Well, that was a bit of a detour - back to the visit. On Sunday we went for breakfast at Grái Kötturinn ("The Grey Cat"), which was very good, and then to Kolaportið, which was full of car-boot-sale style rubbish as before, and where James bought some harðfiskur. Then to Perlan ("The Pearl"), which has a Saga Museum on the ground floor and a viewing platform at the top offering some of the best views it's possible to get over Reykjavík. The Saga Museum was a lot of fun, although I knew everything already because I'm a massive saga nerd.  I was a bit disappointed to note the absence of the most famous saga scene of all - how can they have a Saga Museum and not include the burning of Njáll?  Maybe they thought it would be too distressing for children or something, although on second thoughts that is probably not the reason, considering they had Freydís Eiríksdóttir pressing a sword into her naked breast and some nun called Katrín being burnt for heresy. After we were finished taking posed shots of us holding hands with Ingólfur Arnarson, etc, we went up to the viewing platform. It was startlingly windy. We were genuinely getting blown about, the wind was so strong. So we looked at the view quickly and then went back inside. Then we went home for the six-year-old's birthday party. He will now be referred to as the seven-year-old. There was a lot of cake and awkward silence. That evening I saw on the news that some people at Keflavík had been trapped on a plane for six hours because of the extreme winds, and also a sheep pen had blown away, so it wasn't just us being pathetic.

Monday and Tuesday were mostly given over to more wandering around Reykjavík - although on Monday night we did go out for dinner at Sægreifinn, which I would highly recommend. You can get a massive cup of lobster soup with as much bread as you like, or various seafood kebabs, including minke whale, for really quite cheaps. Whale is sort of like weird beef.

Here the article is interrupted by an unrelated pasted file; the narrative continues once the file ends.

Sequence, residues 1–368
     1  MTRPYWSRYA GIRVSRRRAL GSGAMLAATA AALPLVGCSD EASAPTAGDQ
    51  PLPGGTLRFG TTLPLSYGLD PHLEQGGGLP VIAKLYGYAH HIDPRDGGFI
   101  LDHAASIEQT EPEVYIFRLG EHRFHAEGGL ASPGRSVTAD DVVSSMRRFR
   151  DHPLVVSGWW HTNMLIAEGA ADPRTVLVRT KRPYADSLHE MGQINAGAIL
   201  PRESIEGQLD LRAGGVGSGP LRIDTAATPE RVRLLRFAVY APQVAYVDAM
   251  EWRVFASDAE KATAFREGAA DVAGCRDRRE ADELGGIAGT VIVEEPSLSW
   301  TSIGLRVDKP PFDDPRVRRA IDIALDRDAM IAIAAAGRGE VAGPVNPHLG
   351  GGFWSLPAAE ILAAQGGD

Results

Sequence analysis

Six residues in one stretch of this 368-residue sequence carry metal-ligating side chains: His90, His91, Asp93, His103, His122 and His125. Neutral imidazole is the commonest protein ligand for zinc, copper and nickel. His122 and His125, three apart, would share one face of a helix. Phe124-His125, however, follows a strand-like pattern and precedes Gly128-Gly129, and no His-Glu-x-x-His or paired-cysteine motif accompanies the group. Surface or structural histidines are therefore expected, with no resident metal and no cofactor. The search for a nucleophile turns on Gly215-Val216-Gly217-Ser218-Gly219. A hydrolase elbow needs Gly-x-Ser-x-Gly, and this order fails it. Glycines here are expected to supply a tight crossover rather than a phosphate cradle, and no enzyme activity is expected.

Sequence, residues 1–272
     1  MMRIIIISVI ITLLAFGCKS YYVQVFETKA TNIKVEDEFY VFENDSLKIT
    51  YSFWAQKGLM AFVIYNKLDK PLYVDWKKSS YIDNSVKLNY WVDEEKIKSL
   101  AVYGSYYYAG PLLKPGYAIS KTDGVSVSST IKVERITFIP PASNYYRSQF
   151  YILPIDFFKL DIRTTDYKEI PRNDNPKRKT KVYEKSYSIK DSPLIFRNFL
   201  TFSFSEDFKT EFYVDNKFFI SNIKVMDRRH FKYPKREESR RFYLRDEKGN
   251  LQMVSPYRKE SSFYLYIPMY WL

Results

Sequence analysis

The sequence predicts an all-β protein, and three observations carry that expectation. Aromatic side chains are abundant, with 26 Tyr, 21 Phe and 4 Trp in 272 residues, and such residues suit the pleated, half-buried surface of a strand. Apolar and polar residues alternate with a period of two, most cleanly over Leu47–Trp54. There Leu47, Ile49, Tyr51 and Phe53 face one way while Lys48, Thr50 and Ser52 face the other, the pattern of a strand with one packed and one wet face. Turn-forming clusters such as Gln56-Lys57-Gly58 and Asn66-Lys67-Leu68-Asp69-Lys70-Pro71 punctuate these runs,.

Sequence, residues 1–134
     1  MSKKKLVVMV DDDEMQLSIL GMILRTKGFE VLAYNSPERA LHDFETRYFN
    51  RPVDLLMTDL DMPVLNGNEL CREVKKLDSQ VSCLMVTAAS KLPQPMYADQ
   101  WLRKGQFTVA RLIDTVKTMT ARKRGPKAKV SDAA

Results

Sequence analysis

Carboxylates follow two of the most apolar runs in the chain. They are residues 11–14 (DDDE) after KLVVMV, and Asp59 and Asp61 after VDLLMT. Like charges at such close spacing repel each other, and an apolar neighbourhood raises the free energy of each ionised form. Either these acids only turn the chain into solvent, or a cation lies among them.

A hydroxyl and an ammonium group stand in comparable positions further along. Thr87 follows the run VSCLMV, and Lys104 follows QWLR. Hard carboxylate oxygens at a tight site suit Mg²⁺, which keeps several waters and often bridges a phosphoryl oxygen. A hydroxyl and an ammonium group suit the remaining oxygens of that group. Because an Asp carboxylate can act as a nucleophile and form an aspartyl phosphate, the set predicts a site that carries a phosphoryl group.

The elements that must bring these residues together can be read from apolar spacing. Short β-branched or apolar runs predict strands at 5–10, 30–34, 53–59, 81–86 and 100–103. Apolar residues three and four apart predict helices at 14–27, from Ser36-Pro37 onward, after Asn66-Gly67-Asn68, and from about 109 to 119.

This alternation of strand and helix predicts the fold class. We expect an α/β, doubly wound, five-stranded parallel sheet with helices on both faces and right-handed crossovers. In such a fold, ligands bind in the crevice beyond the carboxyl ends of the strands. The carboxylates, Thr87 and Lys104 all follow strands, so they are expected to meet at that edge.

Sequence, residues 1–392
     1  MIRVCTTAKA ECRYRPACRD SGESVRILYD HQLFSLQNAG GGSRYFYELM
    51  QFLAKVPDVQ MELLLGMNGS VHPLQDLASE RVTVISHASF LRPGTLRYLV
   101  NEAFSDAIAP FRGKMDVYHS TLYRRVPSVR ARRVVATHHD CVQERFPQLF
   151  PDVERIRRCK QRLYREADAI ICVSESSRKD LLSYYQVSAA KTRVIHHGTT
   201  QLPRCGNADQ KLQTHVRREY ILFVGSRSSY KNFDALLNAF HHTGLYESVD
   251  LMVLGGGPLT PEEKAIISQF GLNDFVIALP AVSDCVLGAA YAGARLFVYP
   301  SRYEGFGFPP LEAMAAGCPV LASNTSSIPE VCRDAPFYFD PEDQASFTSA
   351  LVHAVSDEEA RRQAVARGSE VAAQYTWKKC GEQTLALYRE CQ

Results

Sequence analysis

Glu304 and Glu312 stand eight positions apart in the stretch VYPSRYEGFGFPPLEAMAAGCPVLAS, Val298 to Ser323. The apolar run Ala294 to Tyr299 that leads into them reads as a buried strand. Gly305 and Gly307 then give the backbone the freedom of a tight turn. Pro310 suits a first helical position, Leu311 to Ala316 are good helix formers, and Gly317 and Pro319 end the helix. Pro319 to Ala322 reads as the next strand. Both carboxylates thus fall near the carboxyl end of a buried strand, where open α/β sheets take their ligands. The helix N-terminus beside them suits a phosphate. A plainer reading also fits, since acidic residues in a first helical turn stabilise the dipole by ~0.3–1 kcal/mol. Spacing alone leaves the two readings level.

The funniest thing was watching the two younger kids (discounting baby) trying to interact with two people who did not speak Icelandic. I had to do a lot of interpreting. They seemed to be under the impression that James was actually called James Bond, and addressed him as such. The seven-year-old was also very keen to teach them some Icelandic, but focused on words like "double" and "washing machine", so not the most useful things that visitors to Iceland could learn. 

There are probably some things I've forgotten to write about, but you get the general idea. It was really good to see him again, and to meet his girlfriend for the first time. Despite the weather, I think they enjoyed Iceland. I didn't think to take any photos of anything, but I might be able to get some that my brother took. In the mean time, look at this weather forecast for the coming week. Jesus.


  1. When you started talking about the Saga museum, I jumped to the conclusion that you were talking about the holidays for the over-50s.

    That would have fewer swords and naked breasts in it, and less burning. But only marginally fewer.

  2. Haha I wonder if there is a Saga Museum somewhere in the world... It's a frightening concept. I think there would have to be a lot of cagouls and sudoku puzzle books. And naked breasts, goes without saying.